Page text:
Dr. Aiden Doyle was diagnosed with Leukemia and needs to find a match for a life-saving stem cell transplant
NEW YORK – New York Blood Center’s Be The Match is calling on the Irish community for help. Dr. Aiden Doyle was diagnosed with Acute Myeloid Leukemia at the beginning of the pandemic and needs a stem cell donation. At the moment, he has no matches on the National or World Bone Marrow Registries. Patients are most likely to match with donors who share the same ethnic background. Dr. Doyle was born in Ireland and is of Northern European descent and 100% Irish ancestry.
Dr. Doyle immigrated to the United States to pursue medicine, specifically neurology and neurosurgery. He went on to take a prestigious residency with Joseph Ransohoff, a pioneer in the field and the Chairman of Neurosurgery at New York University medical centers and Bellevue Hospital. The father of two raised his family in New Jersey, where he worked at UMDNJ, the Robert Wood Johnson University Hospital and St Peters Medical Center. Dr. Doyle is the proud grandfather of three, with a fourth grandchild due in January.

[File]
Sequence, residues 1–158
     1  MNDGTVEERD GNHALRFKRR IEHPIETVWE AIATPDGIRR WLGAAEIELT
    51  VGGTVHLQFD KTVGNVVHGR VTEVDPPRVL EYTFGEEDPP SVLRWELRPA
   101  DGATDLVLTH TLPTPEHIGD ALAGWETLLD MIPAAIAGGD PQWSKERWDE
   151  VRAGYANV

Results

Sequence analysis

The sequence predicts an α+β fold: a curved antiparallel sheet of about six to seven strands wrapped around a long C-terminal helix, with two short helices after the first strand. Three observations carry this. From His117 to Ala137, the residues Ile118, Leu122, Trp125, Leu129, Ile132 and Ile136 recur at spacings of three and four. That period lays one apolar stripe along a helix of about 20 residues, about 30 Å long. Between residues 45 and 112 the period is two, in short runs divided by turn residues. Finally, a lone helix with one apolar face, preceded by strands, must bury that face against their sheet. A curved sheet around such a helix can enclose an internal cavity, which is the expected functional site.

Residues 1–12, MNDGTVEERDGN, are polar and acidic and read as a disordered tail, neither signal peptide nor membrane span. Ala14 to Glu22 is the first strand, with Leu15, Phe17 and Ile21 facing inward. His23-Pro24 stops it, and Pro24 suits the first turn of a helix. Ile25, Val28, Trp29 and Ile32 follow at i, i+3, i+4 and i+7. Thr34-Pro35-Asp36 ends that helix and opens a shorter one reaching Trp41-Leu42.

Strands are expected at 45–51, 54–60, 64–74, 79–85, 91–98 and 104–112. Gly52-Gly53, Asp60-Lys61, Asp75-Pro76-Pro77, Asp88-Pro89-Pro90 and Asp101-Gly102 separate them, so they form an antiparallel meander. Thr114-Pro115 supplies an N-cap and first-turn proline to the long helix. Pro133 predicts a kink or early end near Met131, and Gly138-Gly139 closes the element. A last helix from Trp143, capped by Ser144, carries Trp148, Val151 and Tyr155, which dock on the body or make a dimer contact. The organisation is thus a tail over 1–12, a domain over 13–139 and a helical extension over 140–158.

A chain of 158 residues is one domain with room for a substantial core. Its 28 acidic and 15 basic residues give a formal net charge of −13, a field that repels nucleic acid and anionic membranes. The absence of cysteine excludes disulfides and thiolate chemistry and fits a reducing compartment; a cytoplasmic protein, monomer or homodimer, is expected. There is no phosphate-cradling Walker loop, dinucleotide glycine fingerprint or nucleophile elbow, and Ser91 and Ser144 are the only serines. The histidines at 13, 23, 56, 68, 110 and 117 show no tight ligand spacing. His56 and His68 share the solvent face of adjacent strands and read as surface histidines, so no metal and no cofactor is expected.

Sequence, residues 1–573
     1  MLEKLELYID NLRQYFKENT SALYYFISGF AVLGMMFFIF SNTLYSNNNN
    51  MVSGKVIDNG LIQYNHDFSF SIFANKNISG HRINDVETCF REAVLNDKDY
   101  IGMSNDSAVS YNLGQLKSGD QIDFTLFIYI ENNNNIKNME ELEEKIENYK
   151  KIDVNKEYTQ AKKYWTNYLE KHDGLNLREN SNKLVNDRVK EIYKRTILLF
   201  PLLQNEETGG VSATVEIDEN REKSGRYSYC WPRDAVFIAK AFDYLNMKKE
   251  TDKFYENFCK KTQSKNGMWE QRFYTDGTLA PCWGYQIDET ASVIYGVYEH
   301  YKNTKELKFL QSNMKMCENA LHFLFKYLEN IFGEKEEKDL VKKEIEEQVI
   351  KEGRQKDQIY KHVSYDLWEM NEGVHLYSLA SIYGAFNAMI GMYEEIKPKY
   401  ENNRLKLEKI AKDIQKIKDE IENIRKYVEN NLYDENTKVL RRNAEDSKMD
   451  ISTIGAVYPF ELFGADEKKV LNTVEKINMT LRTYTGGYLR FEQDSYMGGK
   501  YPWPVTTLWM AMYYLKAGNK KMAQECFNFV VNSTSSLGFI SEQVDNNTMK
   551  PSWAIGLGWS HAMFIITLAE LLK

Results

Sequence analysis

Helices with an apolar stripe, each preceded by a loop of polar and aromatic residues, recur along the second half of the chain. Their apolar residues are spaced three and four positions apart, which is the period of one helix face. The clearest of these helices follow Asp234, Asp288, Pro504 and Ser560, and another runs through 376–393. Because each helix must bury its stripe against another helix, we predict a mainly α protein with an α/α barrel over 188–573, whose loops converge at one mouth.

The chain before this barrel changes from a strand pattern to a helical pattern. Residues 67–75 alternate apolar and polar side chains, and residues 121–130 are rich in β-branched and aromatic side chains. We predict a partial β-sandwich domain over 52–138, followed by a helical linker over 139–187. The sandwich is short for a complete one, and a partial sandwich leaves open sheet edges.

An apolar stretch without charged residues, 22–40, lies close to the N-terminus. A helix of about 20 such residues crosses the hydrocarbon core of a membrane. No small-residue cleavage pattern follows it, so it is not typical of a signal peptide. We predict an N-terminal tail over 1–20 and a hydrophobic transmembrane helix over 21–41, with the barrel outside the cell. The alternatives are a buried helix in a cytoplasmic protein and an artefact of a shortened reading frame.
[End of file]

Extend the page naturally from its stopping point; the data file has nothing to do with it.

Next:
Dr. Doyle has led a life in service of others. While growing up in Dublin, he volunteered in the city’s soup kitchens. As a medical student, he delivered babies for poor women in labor. He established a free clinic for children suffering from spina bifida, a birth defect that occurs when the spine and spinal cord do not form properly. Dr. Doyle has taught many medical students, who credit his mentorship as inspiration for the continuation of their medical careers. Known for his compassion, Dr. Doyle has a reputation for administering the highest level of care and treating his patients like family.
Dr. Doyle is a past President of the Middlesex Co Medical Society, a peer reviewer of his colleagues throughout the districts of Central and Southern New Jersey, a board member of both Trinity Counseling and the Friends of the Institute for Advanced Study, and a member of several senior committees for local medical centers.
If you fit the criteria and would be interested in making a lifesaving donation, please sign up here or reach out to email@example.com.
Blood from volunteer donors is needed every two seconds to help meet the daily transfusion needs of cancer and surgery patients, accident and burn victims, newborns and mothers delivering babies, AIDS and sickle cell anemia patients, and many more. To make an appointment and help save a life, visit nybc.org.